Boy Scouts to celebrate 100 years of nurturing boysThe Boy Scouts will celebrate their 100th anniversary in 2010, which raises the question: How can an organization exist that long and still serve a need?
By: By Jim Stratton, Boy Scouts leader, Alexandria Echo Press
The Boy Scouts will celebrate their 100th anniversary in 2010, which raises the question: How can an organization exist that long and still serve a need?
Yes, Scouting has been around a long time but the organization has not changed its philosophy of giving boys a program and activities designed to develop character, citizenship and fitness.
Are Scouting programs relevant in today’s society? There is a battle of significant consequence taking place in the lives of boys in America today. In simple terms, it’s the struggle between doing right or wrong.
The picture shows a dad and son fishing at a Cub Scout event. Dads have been taking their sons fishing for as long as Scouts have been in existence and will continue to do so for years to come.
But there is a need for an organization that focuses on family-centered activities, outdoor programs and values that fit into today’s fast-paced lifestyle, and Scouting is it.
The number of boys and girls currently registered in the Lakes District Scouting programs shows that Scouting is alive and doing very well. The Lakes District includes Douglas, Pope, Stevens, Swift and part of Grant and Traverse counties.
Given the declining number of available youth in the district, we have continued to increase our presence. By the end of this year we will have more than 1,000 youth participating in a Scouting program.
There are three programs offered by the Scouts.
The Cub Scout program is a year-round program designed to meet the needs of young boys, grades 1-5, and their parents. We call it having fun with a purpose. Service projects, ceremonies, games and other activities guide boys through Scouts’ core values and give them a sense of personal achievement.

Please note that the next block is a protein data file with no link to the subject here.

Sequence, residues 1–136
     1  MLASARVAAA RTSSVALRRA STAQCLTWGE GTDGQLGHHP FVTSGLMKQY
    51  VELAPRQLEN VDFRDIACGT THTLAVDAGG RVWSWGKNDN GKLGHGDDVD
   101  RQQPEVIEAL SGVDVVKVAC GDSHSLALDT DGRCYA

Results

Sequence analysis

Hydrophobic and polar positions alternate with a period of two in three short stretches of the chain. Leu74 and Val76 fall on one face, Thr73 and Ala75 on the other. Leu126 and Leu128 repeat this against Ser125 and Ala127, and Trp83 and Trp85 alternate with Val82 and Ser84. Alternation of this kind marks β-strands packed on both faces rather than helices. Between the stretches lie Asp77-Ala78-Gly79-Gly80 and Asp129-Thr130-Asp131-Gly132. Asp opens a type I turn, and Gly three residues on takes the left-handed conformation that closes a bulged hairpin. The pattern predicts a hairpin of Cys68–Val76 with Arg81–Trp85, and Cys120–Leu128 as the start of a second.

Positive peer group interaction and parental involvement help boys learn honesty, bravery and respect. Boys can join any time, as all program material is age appropriate for each grade level.
The Boy Scout program serves boys ages 11-18. This is the program most people associate with the outdoors.
The boys take responsibility for planning meetings and organizing troop activities. They learn to work as a team and have ample opportunity to lead. Through the support of parents, religious and neighborhood organizations, Scouts develop an awareness and appreciation of their role in the community.
Venturing is a program for men and women ages 14-21. It is the fastest growing program in the Boy Scouts.
The purpose of Venturing is to provide experiences that help young people mature and become responsible, caring adults. They learn leadership skills and participate in challenging outdoor activities.
Scouting is as relevant today as it was 100 years ago. As parents, we want to see our children grow into confident, self-reliant adults. Through Scouting programs we build on the core values of trust, honesty and loyalty. Early in their Scouting experience, boys learn the value of serving others.
Finally, and perhaps most importantly, Scouting promotes activities that lead to personal responsibility and high self-esteem. As a result, when hard decisions have been made, a boy can look at himself and be proud of the person he is.
To learn more about Scouting or to volunteer your time, contact Jim Stratton at (320) 808-5096 or email@example.com.